It’s interesting what you can see when you go out. I had been staying in for the last few days, mostly in an effort to refine and deepen my understanding of the C language (with a little C++ on the side). But today was sunny and quite warm by Pac NW standards (58 F), so I decided that I would head down to the waterfront.

Only before I could get there, I met a cat. Not a hipster cat – like, a real cat, who was calling me. With that, the cat and I commenced to have a conversation.

Now, how exactly does one go about conversing with cat? I supposed that with help of psychedelics, it’s probably pretty easy. But under ordinary conditions, communicating with a cat can be subtle. The vocabulary that we share is limited, and there’s a still a lot to be worked out. But I can say that as one spends time with cats, it’s possibly to become more and more intimately familiar with their minds and thoughts. And, eventually, you can have a pretty good idea, most of the time, of what they’re trying to tell you.

In this case, it was clear that the cat was sad, lonely, and hungry. I know this, in part, because we both share some context. Unfortunately, the person who was probably the cat’s best human friend had died a few days before. I knew him also, but I don’t think we were nearly as close and he and he cat were. Furthermore, it’s not at all clear if anyone else was feeding this cat, or the rest of his/her entourage that appeared to live in and around the house.

I won’t say if I actually fed the cat, as I’m not sure how the neighbors might feel about that. In our community there’s a division between what I call the cat people and the bunnie people. Maybe not quite as bad as the Natives and the Dead Rabbits in “Gangs of New York,” but there’s still some disagreement over the proper response to the presence and activities of cats, especially the ones who seem like they may be trying to eke out a living in the yards, streets and alleyways of our neighborhood.

As for me, I feel like I can appreciate both sides. On the one hand, nobody likes to see little birds or bunnies turned into cat food. On the other hand, I also understand that nature having made them this way, cats have no choice but to kill and consume what they can. Cats don’t eat tofu. Humans and cats have been coexisting for possibly around 10,000 years; but the fashion of keeping cats as pets and feeding them has probably only been going on for less than 100 years. And they know this is not something they can depend on forever.



This is a line from Hagakure by Yamamoto Tsunetomo. The Hagakure is usually referred to as The Way of the Samurai, or something li ke that, but a literal translation would be more like, “In the Shadow of Leaves”, which I think is more beautiful.


Tanteki tadaima no
ichinen yori hoka wa
kore naku sōrō

Which means, more or less:

There is surely nothing
other than the single purpose
of the present moment.

(Note that the words have been rearranged for grammatical reasons.)

Even though it’s not 5-7-5, it still has the feeling and rhythm of a haiku for me, and it really distills very nicely, I think, the spirit of zen.

The Hagakure, BTW, is the book that Ghost Dog reads (and gives to the little girl) in Jim Jarmusch’s film of the same name.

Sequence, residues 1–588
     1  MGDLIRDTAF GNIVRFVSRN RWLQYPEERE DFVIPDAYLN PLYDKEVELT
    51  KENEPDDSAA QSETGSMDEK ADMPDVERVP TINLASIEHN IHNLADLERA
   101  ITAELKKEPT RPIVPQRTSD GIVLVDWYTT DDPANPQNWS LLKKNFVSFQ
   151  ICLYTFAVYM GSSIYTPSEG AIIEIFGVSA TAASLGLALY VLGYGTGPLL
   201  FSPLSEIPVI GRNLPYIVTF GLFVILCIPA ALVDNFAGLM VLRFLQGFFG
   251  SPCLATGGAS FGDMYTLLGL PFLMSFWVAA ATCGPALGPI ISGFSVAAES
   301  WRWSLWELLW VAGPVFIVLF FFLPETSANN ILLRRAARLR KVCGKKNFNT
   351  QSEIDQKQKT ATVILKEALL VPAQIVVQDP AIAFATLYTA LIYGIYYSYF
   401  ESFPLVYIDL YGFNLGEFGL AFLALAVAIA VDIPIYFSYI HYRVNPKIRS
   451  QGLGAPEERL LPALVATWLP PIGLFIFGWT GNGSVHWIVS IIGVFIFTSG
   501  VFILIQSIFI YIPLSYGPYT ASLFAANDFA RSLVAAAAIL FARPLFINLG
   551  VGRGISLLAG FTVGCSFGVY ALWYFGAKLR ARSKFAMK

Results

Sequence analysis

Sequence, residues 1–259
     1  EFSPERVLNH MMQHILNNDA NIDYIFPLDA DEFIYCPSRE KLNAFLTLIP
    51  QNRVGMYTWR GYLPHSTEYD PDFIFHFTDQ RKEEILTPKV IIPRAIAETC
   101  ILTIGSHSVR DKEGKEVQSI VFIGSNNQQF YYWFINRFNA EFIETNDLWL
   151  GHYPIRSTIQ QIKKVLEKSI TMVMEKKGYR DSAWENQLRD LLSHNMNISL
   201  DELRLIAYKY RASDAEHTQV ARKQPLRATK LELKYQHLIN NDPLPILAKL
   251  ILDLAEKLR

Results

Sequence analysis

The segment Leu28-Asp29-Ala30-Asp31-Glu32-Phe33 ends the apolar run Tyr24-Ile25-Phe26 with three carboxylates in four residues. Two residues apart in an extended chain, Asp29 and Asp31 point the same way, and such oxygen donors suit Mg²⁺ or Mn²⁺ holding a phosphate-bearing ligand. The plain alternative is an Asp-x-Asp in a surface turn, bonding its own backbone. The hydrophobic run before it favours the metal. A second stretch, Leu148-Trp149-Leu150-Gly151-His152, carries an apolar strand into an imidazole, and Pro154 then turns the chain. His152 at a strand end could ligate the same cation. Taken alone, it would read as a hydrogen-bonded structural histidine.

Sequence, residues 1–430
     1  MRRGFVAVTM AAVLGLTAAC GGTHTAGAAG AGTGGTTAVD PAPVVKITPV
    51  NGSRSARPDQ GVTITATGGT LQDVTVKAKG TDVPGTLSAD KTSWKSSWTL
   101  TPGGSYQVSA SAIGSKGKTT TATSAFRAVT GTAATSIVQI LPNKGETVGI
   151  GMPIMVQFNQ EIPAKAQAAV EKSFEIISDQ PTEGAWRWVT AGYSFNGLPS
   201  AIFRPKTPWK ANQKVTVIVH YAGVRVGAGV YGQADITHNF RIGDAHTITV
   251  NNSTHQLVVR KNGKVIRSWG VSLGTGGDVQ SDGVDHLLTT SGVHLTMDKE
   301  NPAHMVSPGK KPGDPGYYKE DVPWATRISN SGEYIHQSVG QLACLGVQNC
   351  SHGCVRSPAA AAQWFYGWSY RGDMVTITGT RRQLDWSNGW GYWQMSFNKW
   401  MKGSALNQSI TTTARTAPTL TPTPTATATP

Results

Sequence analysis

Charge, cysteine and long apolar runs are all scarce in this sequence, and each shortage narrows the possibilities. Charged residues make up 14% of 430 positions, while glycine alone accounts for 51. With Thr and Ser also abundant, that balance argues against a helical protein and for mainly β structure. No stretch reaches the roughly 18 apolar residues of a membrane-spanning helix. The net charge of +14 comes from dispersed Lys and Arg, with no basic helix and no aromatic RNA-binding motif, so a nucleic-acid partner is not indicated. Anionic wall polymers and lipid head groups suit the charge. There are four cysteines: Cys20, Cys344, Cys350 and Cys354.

I don’t drink wine anymore; having finished cat-assisted rehab, I now just drink lots coffee. But I’m still interested in the subject and was particularly curious about a data-set that I happened to encounter in my efforts to learn more about Python and statistics.

I’ll try to provide more details later on, but I was so excited about these results that I decided to go ahead and put up a rough ASAP.

Turns out, that with a little Pythonification and linear regression, you can find out some interesting things about wine.

This is what you get when you look at something like about 130k(!) wines:


The wines are scored by a professional wine-taster, or sommelier, or something. The first graph shows the distribution of scores, which, to my untrained eye, looks suspiciously like a so-called “normal” (or Gaussian) curve. The graph next to it is an attempt to find the best fit for a linear relationship (if there is one) between the scores and the prices of these fine products. Turns out the lowest price is $4 (like what you might get at Trader Joe’s) and the highest is in excess of $3000 (Yikes!).

But look at that graph – the numbers are all over the place, and there doesn’t seem to be a well-defined relationship at all, at least not at first. After looking at it a couple of times, I thought to myself, “well, what about a logarithmic transformation – why not!”


So there you have it. There’s a bit of spread, but to me it certainly does look like the prices go up exponentially as the wine-taster’s scores increase. Something to think about, I guess.

(Note: If you check out the links above, be advised that the code provided on the web pages doesn’t work the way it’s written, or at least it didn’t work for me. Maybe because I’m still using Python 2.7. I had to do a little tweaking, as well as learn a little more about the use of the numerical and graphing modules to get it going.)

Cheers, everyone.

Seattle Weather, revisited

Following up a little on the previous post about Seattle weather conditions and Markov chain modeling, I decided to write a quick Python script that calculates the probability vectors for each day’s weather.

Here it is:

#!/usr/bin/env python

import numpy as np

t = 1

M = np.array([[0.80, 0.65, 0.60],
              [0.10, 0.25, 0.10],
              [0.10, 0.10, 0.30]])

x = np.array([[1],[0],[0]]) #x1

for t in range (1, 15):

     print 't =', t
     print 'x(%d) =' %(t)
     print x[0]
     print x[1]
     print x[2]
     print '\n'

     x =,x)